Can You Use Neosporin As Lube Or For Anal Sex?
Neosporin is unsafe to use as lube for any kind of sex under any circumstance.
Do NOT use it as lube – ever.
- Neosporin is a wound-treating ointment that provides antibacterial protection, however, those properties can harm the good bacteria that help to maintain the healthy microbiome in the vagina or anus, potentially leading to irritation or infection.
- Neosporin contains petroleum, which degrades STI and pregnancy barriers made from latex or polyisoprene, putting you and your partners at risk for both, and can also increase the risk of vaginal infections, especially if you’re prone to them.
- Neosporin is not meant to be ingested and cannot be used as a lube during oral sex.
- Neosporin is designed to create a protective barrier over the skin but that also makes it difficult to remove following penetrative vaginal or anal sex.
Neosporin or other similar products like Polysporin, aren’t good lubes for any type of sex for many reasons.
Can You Use Neosporin As Lube?
Neosporin is not a safe lube option for any type of sex, at any time.
Here’s everything you need to know about using Neosporin as lube:
- Neosporin is an ointment used for the treatment of skin abrasions, wounds, and infection prevention. As such, it contains antibacterial agents that can harm the good bacteria that reside in the vagina or anus, potentially leading to irritation or subsequent infection.
- The first inactive ingredient in Neosporin is petroleum (found in Vaseline, another unsafe lube alternative) — which not only degrades condoms made from latex or polyisoprene but can increase your risk of vaginal infections like yeast infections or bacterial vaginosis.
- It makes an impractical anal lube for two reasons: it will degrade latex and polyisoprene condoms (putting partners at risk for STI transmission), and the amount needed to provide adequate lubrication will use a lot of the (expensive) product.
- Neosporin is not meant to be ingested and cannot be used as a lube during oral sex.
- Neosporin is thick, creating a protective barrier over the skin (to aid in wound healing) but this characteristic also means that it’s difficult to remove from the skin — which is especially problematic if used internally during penetrative vaginal or anal sex.
The most important reason why Neosporin is an entirely unsafe lube alternative is that it is an antibacterial ointment, designed to kill bacteria that might cause an infection in open wounds on the skin.
While it’s safe when used as directed — externally on a minor skin wound — Neosporin’s antibacterial agents may kill the good bacteria that help the vagina and anus to maintain healthy microbiomes.
Being petroleum-based, using Neosporin as a personal lubricant for vaginal sex can increase your risk of developing an infection — such as yeast infections or bacterial vaginosis — particularly if you’re already prone to them.
Additionally, oil-based lubes cannot be used with STI or pregnancy barriers made from latex or polyisoprene because the oil will degrade their material, putting you and your partner at risk for STI transmission or unintended pregnancy.
The petroleum in Neosporin can also degrade sex toys made from latex, rubber, or jelly rubber.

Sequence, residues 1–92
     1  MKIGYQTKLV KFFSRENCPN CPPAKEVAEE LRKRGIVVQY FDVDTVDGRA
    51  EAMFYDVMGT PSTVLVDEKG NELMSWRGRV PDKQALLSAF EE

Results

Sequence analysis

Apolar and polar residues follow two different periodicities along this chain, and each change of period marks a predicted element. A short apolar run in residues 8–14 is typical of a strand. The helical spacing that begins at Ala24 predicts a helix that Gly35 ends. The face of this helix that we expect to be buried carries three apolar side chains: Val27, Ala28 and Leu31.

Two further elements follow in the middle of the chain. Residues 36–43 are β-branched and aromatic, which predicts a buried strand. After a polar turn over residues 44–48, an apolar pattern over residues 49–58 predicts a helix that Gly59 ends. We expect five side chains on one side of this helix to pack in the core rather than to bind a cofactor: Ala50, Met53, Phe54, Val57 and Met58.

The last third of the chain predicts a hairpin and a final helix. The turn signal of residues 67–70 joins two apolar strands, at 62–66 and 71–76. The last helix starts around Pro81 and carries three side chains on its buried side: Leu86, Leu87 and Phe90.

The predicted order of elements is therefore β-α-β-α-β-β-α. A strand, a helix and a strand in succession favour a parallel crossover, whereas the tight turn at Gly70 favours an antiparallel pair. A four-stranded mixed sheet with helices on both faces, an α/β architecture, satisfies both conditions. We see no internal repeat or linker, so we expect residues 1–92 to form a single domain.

Although it’s inedible (and tastes bad, which should be warning enough), the thick consistency of Neosporin also makes it a choking hazard if used as a lubricant during oral sex.
Additionally, Neosporin is meant to create a barrier that protects the skin as its wounds are healing, which means it’s difficult to remove from the skin, particularly after vaginal or anal penetration.
It’s best to keep the Neosporin in the medicine cabinet — there are many safer lubricants to choose from.
Can You Use Neosporin As Vaginal Lube?
No — Neosporin should never be used as vaginal lube.
As we mentioned earlier, the antibacterial agents in Neosporin are great at killing bacteria to prevent infection as skin wounds heal.
That same characteristic, however, can wreak havoc on the good bacteria that help the vagina maintain a healthy microbiome.
Additionally, using Neosporin as vaginal lube can put you at a higher risk of developing a yeast infection or bacterial vaginosis.
As we mentioned earlier, the first inactive ingredient in Neosporin is oil-based (petroleum), which will degrade condoms and diaphragms made from latex or polyisoprene, rendering them ineffective against STIs or unintended pregnancy.
Neosporin is also difficult to clean off your skin, as it creates a protective barrier that supports wound healing, but that makes it even harder to remove from the inside of the vagina if it’s used as lube.
Can You Use Neosporin As Anal Lube?
No, Neosporin should not be used as an anal lubricant — ever.
Neosporin’s antibacterial properties might make it a tempting option — especially if you think that it can somehow “counteract” or “sanitize” the bacteria or fecal matter inside the anus.
The truth is that the anus (like the vagina) has a delicate microbiome that is maintained, in part, by good bacteria that are supposed to live there.
Neosporin’s antibacterial agents don’t discriminate between good and bad bacteria.
Just as they would fight bacteria on the surface of an open wound on your arm, so too will they harm the good bacteria that help to maintain the health of your anus.
Additionally, one study found that petroleum jelly (the first inactive ingredient in Neosporin) can increase your chances of transmitting HIV to your partner because it causes latex and polyisoprene condoms to degrade.